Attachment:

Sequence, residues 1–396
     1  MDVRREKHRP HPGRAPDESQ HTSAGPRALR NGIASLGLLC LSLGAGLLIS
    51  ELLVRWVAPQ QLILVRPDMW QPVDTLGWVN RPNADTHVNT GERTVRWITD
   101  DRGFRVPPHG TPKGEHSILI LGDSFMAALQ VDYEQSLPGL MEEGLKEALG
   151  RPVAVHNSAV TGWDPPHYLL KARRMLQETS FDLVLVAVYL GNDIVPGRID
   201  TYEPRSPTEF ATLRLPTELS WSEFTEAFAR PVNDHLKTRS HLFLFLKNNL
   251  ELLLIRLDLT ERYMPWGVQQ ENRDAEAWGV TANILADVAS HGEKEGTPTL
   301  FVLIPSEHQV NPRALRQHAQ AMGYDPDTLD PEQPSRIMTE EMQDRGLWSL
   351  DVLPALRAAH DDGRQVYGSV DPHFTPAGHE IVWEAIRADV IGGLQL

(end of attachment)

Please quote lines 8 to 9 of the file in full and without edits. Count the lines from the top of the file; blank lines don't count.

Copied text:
   301  FVLIPSEHQV NPRALRQHAQ AMGYDPDTLD PEQPSRIMTE EMQDRGLWSL
   351  DVLPALRAAH DDGRQVYGSV DPHFTPAGHE IVWEAIRADV IGGLQL